JC: We should start with the basics: in the Canadian constitutional framework, the federal government has the ability to negotiate international agreements and treaties, but cannot commit a province to implement aspects of such agreements and treaties in that province’s areas of jurisdiction. So it is in the interest of the federal government to organize itself in such a way that the provinces are at the table when international negotiations happen. In principle, the federal government is not doing this. It did this in the case of the recent Canada-EU trade negotiations only because the Europeans forced Ottawa to bring the provinces to the table. Brussels made this a deal-breaker, because it knew that it wanted a comprehensive partnership and trade agreement, and that on issues like government procurement and many others, if the provinces were not present, then the deal would not be comprehensive and credible. Of course, the federal government does not have the option of rewriting the Constitution when it negotiates. But let me be clear: the federal government has not, to date, been up to the task of getting the provinces actively and seriously involved in international negotiations.

I myself have done a lot with Quebec internationally. I have had no inhibitions about being present, and this posture has served the interests of both Quebec and Canada. I have not seen the problem of encroachment. Instead, what I have seen is insecurity in Ottawa. Frankly, I think that Ottawa does not understand. It does not practice the federalism that the country has adopted in a lot of policy areas – including in international relations. This is because Ottawa has tended to work from the assumption that the provinces are going to go out there and say something contrary to Canada’s interests or, in a worst-case scenario, that a péquiste government will get elected and will proceed to say crazy things.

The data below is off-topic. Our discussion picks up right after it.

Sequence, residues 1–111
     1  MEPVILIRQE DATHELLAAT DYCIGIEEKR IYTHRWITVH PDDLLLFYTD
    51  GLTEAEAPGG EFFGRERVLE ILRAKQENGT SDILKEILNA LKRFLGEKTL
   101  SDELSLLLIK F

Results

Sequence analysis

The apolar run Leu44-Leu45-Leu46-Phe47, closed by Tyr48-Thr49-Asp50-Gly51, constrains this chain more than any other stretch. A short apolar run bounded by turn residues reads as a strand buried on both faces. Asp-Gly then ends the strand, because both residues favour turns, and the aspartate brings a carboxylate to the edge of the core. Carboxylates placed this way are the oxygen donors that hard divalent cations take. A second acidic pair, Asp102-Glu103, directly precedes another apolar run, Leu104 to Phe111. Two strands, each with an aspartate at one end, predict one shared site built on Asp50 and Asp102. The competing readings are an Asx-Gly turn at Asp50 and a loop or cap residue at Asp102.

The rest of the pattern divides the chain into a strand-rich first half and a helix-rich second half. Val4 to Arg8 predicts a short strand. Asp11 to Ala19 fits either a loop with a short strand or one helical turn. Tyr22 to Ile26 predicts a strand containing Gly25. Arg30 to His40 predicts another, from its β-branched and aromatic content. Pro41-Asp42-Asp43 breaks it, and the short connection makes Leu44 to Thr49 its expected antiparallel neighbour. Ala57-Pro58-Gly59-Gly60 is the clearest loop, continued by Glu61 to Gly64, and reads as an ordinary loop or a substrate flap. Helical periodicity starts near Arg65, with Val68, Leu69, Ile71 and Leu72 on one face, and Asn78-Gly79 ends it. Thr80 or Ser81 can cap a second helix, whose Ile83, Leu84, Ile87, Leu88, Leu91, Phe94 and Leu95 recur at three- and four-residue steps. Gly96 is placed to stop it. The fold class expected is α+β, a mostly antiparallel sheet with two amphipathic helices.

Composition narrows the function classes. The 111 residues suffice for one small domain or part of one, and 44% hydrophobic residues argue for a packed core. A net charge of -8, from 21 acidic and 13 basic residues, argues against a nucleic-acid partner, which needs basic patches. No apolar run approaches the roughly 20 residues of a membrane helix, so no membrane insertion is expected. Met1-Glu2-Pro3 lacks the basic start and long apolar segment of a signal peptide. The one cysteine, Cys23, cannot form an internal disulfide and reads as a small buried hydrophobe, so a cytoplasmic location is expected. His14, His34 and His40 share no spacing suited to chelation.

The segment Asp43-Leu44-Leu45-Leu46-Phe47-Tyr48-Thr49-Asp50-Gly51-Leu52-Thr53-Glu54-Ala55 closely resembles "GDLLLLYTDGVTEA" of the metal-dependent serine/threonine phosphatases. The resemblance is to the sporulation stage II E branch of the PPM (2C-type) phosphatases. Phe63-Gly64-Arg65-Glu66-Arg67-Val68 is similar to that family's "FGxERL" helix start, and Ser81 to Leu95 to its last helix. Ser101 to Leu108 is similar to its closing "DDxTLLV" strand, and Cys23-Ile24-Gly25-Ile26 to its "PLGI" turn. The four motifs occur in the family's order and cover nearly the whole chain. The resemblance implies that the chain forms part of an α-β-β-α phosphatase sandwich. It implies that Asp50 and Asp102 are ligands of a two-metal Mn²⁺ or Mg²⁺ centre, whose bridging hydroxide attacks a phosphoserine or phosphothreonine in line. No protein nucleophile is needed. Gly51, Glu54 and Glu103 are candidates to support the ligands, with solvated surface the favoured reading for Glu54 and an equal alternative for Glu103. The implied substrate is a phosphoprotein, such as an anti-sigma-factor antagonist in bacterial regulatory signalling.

GB: Is there a role for regional or provincial governments in questions of war and peace?

JC: Less, I think. There are provincial or regional views on these matters, but policy questions in relation to war and peace – on national defence, for instance – are clearly within federal jurisdiction. But let us expand the logic a little with an example. If the federal government decides to get involved in, say, Haiti and to implement an aid programme, then we can rightly ask: where is Ottawa going to find the police officers who speak French and who will go to Haiti on a nine-month mission to train the Haitian police or security forces? Where is Ottawa going to find doctors and nurses to send? Answer: Ottawa clearly needs the cooperation of Quebec and the other provinces to accomplish many of its foreign policy goals. This applies to basic issues of national security as well, even if the constitutional lead in this domain is clearly federal.

GB: What is political leadership over the next 10 to 15 years? What are its basic characteristics?